35. Sodeikat G, Pohlmeyer K (2002) Temporary home range modifications of wild boar family groups (Sus scrofa L.) caused by drive hunts in Lower Saxony (Germany). Z Jagdwiss 48:161–166. doi: 10.1007/BF02192404 Google Scholar
  36. Sodeikat G, Pohlmeyer K (2003) Escape movements of family groups of wild boar Sus scrofa influenced by drive hunts in Lower Saxony, Germany. Wildl Biol 9:43–49Google Scholar
  37. Spitz F, Janeau G (1995) Daily selection of habitat of wild boar. J Zool (Lond) 237:423–434CrossRefGoogle Scholar
  38. Truvé J, Lemel J (2003) Timing and distance of natal dispersal for wild boar Sus scrofa in Sweden. Wildl Biol 9:51–57Google Scholar
  39. Wenum JHV, Wossink GAA, Renkema JA (2003) Location-specific modeling for optimizing wildlife managemant on crop farms. Ecol Econ 48:395–407Google Scholar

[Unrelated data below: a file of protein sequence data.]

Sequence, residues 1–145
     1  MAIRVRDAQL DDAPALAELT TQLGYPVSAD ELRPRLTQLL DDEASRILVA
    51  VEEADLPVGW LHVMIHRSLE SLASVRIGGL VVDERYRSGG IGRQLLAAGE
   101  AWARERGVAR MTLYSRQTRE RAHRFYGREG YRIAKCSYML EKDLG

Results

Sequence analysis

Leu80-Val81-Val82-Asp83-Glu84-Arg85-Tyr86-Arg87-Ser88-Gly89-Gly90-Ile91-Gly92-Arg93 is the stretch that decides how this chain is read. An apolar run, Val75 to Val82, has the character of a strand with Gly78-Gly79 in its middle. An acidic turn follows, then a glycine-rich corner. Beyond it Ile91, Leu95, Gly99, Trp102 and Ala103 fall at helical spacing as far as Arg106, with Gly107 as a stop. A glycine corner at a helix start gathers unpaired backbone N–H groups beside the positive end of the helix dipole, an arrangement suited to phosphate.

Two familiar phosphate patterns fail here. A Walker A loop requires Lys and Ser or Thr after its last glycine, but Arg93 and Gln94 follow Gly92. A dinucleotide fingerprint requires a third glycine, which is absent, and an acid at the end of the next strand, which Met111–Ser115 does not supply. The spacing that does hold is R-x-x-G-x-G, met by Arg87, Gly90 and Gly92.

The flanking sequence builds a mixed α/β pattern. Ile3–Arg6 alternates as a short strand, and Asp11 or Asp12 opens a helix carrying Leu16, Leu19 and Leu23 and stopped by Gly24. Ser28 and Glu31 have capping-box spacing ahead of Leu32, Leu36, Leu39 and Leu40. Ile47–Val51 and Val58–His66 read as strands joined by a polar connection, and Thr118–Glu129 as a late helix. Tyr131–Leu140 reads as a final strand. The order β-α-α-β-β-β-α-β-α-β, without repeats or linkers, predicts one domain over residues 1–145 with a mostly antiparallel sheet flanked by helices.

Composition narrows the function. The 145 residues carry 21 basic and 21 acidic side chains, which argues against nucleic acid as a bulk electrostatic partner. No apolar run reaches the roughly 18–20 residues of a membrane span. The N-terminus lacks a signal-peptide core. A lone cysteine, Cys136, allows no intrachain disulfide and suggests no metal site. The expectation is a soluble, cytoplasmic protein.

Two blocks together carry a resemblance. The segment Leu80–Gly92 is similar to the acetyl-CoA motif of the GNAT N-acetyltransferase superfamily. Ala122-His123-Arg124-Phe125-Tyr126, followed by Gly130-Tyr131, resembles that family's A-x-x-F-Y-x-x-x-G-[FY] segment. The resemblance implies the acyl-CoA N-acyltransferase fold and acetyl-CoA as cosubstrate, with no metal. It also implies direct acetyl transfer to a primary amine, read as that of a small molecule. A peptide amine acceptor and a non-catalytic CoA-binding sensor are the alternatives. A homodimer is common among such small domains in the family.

40. Zweifel-Schielly B, Suter W (2007) Performance of GPS telemetry collars for red deer Cervus elaphus in rugged Alpine terrain under controlled and free-living conditions. Wildl Biol 13:299–312. doi: 10.2981/0909-6396(2007)13[299:POGTCF]2.0.CO;2 CrossRefGoogle Scholar

Copyright information

© Springer-Verlag 2009

Authors and Affiliations

  • Henrik Thurfjell
    • 1
    Email author
  • John P. Ball
    • 1
  • Per-Arne Åhlén
    • 1
  • Peter Kornacher
    • 2
  • Holger Dettki
    • 1
  • Kjell Sjöberg
    • 1
  1. 1.Department of Wildlife, Fish, and Environmental StudiesSwedish University of Agricultural SciencesUmeåSweden
  2. 2.Makoa FarmMoshiTanzania

Personalised recommendations